Tuesday, December 2, 2008

Nokia unveils their real iPhone killer

by alec on December 2, 2008

You may remember that a few months ago Nokia announced the MusicXPress 5800, their first touch screen phone.  Many thought that was their response to the iPhone, but perhaps not.  Nokia announced the N97 this morning at Nokia World.  Thank goodness, as the N96 has been a dud, demolished under the tidal wave created by Apple and it’s iPhone.  The N97, however, looks like the real deal.

Large touchscreen, full keyboard, 48M of storage, 5 megapixel camera, and widescreen video all add up to a technically impressive package.  With upgraded maps, the integrated Nokia Music Store, full flash support and Nokia’s “social location” technology as well it’s no wonder Robert Scoble dubbed this device the ultimate Facebook phone.

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Nokia folks are touting this as the ultimate internet device as well.  “We believe the internet is as it is, and we need to support it.”  Presumably that means that they already great web site rendering that prior N-series devices supported will be extended on this device.

For developers the N97 presents an interesting conundrum which hearkens back all the way to the early days of the Internet.  Netscape shipped a browser with several proprietary HTML tags, thus incenting developers to build sites that worked better with Netscape.  Microsoft did the same, and the result was a series of sites on the internet that were badged “Works best with…” one particular browser.  To a certain extent that war is still with us today.  Although browser differences are far fewer, site developers work around them.  This site, for example, has 3 separate style sheets, one each for IE 6, IE 7 and mozilla based browsers.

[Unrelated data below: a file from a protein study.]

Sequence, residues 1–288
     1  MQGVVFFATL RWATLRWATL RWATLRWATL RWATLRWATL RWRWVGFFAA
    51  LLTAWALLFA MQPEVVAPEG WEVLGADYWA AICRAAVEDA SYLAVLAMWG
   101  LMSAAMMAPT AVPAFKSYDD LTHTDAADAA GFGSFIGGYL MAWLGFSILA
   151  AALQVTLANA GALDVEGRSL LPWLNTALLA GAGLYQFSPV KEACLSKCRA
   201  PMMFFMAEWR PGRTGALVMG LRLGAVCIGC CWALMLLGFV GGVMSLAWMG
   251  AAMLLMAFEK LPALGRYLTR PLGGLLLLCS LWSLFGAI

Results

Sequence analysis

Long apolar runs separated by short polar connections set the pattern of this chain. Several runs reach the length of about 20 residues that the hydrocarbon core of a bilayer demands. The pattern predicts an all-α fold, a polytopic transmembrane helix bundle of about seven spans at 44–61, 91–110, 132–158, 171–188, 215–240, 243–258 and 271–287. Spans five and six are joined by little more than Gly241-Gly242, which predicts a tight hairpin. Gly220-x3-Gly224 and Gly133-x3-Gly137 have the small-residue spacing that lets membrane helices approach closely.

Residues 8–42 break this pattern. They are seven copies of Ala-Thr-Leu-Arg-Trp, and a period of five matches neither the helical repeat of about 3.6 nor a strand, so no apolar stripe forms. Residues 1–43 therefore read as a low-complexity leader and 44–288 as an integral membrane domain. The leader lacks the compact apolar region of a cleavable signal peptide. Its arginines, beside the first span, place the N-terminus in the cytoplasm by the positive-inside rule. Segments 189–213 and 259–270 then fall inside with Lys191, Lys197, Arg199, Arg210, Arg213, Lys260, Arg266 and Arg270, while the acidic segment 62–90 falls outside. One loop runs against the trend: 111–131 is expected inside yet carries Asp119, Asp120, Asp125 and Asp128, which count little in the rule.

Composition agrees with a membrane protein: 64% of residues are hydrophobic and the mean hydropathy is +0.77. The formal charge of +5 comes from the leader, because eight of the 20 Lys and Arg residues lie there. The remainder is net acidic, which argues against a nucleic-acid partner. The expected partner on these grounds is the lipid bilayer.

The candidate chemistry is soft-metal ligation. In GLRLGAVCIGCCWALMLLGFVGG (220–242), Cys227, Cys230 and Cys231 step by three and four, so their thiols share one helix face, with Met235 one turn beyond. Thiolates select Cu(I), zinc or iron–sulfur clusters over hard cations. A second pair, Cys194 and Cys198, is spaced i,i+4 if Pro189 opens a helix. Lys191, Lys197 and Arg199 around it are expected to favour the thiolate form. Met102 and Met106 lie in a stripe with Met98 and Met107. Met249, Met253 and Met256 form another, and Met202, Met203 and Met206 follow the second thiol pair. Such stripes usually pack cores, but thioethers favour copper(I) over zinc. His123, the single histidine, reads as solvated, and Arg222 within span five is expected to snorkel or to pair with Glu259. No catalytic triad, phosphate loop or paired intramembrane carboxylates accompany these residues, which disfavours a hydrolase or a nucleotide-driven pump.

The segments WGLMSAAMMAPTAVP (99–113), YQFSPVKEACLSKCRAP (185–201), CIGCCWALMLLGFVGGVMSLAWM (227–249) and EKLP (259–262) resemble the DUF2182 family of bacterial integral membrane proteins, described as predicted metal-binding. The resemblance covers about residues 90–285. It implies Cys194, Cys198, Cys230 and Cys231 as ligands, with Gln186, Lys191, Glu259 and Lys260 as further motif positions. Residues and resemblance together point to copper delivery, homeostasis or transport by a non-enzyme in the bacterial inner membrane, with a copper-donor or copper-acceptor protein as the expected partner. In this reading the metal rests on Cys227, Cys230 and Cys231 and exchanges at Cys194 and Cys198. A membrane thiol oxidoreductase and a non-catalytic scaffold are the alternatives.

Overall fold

Will mobile developers now be faced with building versions of their sites that are webkit + flash compliant (for Nokia and Android devices), webkit – flash for Apple devices, and plain HTML for RIM and other devices?

Apple clearly has the upper hand for now.  They’re shipping massive volumes of one just very attractive device.  But what would happen if, for example, a series of N-97 like devices at various more consumer friendly price points were to appear?

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